Four blog posts about using student ideas

Wees Assessment Cycle Art

I wrote four blog posts for NCTM’s Mathematics in the Middle School blog on using student work to understand and plan around student ideas. Each post is about using student work to make inferences about how they understand mathematical ideas and then using those inferences to help you plan. Note that these posts are actually relevant for mathematics educators at all levels.

  1. What Knowledge Do You Need to Plan a Unit?
  2. Categorizing Student Work
  3. Using Student Work Meaningfully
  4. The Mathematics of Students

While these posts focus on qualitative information about student learning, this doesn’t mean quantitative information isn’t useful. I have just found that quantitative information abounds while qualitative information seems to be rarely used in systematic ways.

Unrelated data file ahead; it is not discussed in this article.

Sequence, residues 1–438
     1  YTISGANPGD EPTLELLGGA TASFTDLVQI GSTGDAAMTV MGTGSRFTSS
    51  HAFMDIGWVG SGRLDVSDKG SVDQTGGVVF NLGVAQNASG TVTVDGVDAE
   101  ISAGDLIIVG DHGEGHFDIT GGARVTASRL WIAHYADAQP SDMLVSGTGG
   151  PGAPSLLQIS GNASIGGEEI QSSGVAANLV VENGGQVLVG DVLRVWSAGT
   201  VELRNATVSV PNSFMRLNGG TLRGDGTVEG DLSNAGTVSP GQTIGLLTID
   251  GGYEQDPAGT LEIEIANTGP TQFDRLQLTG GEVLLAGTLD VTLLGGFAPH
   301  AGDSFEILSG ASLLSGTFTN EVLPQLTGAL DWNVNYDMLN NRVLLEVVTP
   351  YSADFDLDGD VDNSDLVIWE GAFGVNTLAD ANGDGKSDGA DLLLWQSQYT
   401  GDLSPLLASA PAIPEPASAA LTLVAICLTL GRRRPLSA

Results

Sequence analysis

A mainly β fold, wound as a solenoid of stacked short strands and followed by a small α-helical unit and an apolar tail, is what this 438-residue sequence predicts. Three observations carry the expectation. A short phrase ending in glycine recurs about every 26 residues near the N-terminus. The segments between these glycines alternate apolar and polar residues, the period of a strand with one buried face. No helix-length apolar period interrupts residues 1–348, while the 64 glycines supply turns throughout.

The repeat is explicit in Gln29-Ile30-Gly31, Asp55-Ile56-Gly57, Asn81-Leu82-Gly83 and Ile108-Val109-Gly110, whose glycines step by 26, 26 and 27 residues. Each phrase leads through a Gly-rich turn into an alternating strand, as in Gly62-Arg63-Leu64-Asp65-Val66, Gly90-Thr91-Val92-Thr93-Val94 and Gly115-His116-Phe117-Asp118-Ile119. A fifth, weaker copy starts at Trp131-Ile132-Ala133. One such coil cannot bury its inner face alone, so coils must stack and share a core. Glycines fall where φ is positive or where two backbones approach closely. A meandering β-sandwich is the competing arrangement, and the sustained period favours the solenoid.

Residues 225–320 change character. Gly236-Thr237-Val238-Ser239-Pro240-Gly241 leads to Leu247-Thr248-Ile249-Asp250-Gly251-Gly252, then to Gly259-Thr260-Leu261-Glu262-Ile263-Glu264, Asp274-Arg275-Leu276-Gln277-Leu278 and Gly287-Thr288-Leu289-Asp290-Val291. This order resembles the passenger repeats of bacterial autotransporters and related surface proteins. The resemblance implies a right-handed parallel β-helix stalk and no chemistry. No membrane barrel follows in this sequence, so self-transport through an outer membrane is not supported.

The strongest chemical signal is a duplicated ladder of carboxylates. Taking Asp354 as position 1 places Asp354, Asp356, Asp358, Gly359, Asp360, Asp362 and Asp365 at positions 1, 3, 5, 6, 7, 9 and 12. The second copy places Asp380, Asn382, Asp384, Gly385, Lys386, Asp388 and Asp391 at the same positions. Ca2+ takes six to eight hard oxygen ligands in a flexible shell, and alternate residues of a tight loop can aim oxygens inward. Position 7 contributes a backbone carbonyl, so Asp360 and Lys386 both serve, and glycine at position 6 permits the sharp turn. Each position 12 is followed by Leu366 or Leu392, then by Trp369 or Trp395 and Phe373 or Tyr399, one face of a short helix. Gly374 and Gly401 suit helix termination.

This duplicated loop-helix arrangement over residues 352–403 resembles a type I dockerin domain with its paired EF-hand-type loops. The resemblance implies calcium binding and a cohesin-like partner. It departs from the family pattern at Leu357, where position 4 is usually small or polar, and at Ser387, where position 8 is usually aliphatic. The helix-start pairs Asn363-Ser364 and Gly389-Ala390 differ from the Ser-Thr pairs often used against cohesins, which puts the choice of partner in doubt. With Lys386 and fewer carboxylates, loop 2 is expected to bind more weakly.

• The AAAS database you linked seems a really great resource. Are you aware of any effort to produce something similar for mathematics (or any other domains)?

    I only know of grassroots/ad hoc work like Michael Pershan’s mathmistakes site. No disrespect meant, but this is a different league.

  • David Wees wrote:

    As far as I know nothing even remotely similar to the AAAS database exists for mathematics education nor do I know of any systematic efforts to replicate it. It’s unfortunately because I think a systematic approach like this would be a valuable resource for our community.

  • […] David Wees: a math formative assessment specialist from New York (most recently), who tweets as @davidwees and blogs at about lots of important topics, like routines for supporting kids to make sense of problems and make their thinking visible, or, particularly appropriate to this panel, a series on using student ideas. […]

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